Texas girl battles for life after contracting brain-eating amoeba
A young girl is fighting for her life after contracting a brain-eating infection while swimming in a river near her central Texas home.
Lily Avant, 10, fell sick on Sunday, September 8, coming down with a fever after swimming in the Brazos River, near Fort Worth.
Now, she has been placed into a medically-induced coma after contracting a Naegleria fowleri, commonly referred to as brain-eating amoeba, NBC DFW reports.
Doctors at Cook Children’s Medical Center are working to reduce the swelling in her brain.
“She has been a fighter. She came into this world fighting,” her aunt Loni Tadon told NBC.
“She likes to put on a show. She likes the attention.”
Amoeba is commonly found in warm freshwater and soil. People get infected when water containing the parasite enters through the nose where it can travel to the brain and destroy brain tissue.
The night Avant fell ill, she complained she had a headache before contracting a fever.
The girl’s first cousin, Wendy Scott, told NBC she was seen by a doctor that same night.
“They got it checked out,” she said. “There were several viruses going around the school. It was assumed it’s a virus because the symptoms are exactly the same, so she went home.”
Boy Dies from ‘Brain-Eating’ Amoeba Infection Picked Up in Hot Spring
A boy in California died from a rare “brain-eating” amoeba infection after swimming in a hot spring, according to a new report.
In October 2018, the boy swam in a natural freshwater pool in an area known as Hot Ditch, a popular recreational spot in the Eastern Sierra region of California supplied by warm spring water and frequently visited by local residents and tourists alike. Twelve days later, the symptoms set in. After two days of being racked by fever, headaches and vomiting, the boy was brought to an intensive care unit in Southern California, where he experienced respiratory failure.
A CT scan revealed swelling in the brain; when doctors sampled cerebrospinal fluid through the patient’s lower spine, they discovered microorganisms known as Naegleria fowleri. The case was described today (Sept. 13) in the Morbidity and Mortality Weekly Report, which is published by the Centers for Disease Control and Prevention (CDC).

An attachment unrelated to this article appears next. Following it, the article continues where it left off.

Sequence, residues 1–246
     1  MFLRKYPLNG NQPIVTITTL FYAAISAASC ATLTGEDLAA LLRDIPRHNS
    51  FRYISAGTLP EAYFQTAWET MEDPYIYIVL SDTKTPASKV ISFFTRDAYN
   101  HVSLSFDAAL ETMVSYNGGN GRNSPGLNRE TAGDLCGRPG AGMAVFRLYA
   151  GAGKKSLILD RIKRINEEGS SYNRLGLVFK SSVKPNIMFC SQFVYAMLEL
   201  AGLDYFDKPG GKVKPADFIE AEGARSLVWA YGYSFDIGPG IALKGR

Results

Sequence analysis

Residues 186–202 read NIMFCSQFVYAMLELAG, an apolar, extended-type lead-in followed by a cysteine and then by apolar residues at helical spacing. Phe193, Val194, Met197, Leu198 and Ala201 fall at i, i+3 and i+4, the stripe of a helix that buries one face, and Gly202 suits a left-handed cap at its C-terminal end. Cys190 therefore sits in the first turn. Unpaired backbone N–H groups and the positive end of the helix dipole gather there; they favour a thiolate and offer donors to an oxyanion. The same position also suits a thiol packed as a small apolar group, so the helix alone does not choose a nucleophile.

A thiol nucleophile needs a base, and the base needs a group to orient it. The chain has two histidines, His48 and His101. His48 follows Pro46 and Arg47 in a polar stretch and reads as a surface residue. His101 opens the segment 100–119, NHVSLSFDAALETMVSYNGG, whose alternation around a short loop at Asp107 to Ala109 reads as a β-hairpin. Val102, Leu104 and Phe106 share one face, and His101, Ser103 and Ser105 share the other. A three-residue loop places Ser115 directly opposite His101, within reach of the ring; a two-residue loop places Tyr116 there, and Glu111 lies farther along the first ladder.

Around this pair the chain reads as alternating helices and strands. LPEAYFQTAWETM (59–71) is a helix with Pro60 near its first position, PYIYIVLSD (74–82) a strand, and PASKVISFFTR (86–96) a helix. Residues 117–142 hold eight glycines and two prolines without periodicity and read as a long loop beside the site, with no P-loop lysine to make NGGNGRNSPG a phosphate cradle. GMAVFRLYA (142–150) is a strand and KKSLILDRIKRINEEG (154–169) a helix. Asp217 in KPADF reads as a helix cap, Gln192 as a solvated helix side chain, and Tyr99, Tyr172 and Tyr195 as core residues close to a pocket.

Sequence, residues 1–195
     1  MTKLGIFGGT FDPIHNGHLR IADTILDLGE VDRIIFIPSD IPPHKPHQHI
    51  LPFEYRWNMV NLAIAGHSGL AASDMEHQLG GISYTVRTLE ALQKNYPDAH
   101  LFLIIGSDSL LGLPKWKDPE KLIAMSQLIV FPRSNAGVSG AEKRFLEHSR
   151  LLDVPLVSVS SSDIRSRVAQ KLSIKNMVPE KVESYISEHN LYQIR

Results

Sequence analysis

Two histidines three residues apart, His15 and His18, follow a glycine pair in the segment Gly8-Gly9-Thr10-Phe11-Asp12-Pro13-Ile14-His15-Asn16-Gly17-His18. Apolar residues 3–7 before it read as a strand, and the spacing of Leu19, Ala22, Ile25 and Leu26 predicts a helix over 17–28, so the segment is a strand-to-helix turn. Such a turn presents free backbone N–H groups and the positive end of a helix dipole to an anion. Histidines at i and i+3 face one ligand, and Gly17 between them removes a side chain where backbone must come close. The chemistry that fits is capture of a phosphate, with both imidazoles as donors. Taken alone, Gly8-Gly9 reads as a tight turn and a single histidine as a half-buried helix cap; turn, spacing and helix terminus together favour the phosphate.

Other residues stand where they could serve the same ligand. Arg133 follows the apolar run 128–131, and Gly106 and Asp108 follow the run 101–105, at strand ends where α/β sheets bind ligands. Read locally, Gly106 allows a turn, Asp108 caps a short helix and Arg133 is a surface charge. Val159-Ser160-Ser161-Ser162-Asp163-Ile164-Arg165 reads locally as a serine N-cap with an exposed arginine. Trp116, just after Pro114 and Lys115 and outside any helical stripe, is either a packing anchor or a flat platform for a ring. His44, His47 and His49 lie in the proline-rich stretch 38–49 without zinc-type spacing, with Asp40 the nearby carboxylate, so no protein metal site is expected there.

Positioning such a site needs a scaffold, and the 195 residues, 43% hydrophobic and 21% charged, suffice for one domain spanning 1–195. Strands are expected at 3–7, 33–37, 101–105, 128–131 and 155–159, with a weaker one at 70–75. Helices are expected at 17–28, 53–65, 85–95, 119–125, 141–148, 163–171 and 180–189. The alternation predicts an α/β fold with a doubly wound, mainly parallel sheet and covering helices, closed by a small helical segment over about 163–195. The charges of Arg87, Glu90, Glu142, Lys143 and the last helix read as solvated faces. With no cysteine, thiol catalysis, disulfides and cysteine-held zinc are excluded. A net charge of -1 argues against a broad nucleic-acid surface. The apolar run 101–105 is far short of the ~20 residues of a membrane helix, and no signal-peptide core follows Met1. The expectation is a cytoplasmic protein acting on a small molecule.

N. fowleri, a single-celled organism found in warm freshwater bodies, can enter the brain only via the nose, according to the CDC. The amoeba cannot be contracted by swallowing contaminated water. Once inside the brain, the amoeba multiplies by feeding on brain tissue, causing an often-fatal condition known as primary amebic meningoencephalitis (PAM). As nervous tissue is destroyed, the organ swells dangerously. Of the 145 known individuals who contracted N. fowleri in the U.S. between 1962 and 2018, just four survived the infection, wrote the CDC.
The California boy died after three days of treatment in the hospital. The unfortunate incident marks the ninth case of PAM in the state since the first reported in 1971, and stands as the third case in a patient exposed to spring water, specifically, according to the MMWR. The infection is rare, but occurs most frequently in southern states and in young males exposed to warm waters during the summer. Today (Sept. 13), another case was reported in Texas where a girl named Lily Mae contracted the infection after swimming in the Brazos River, according to KWTX.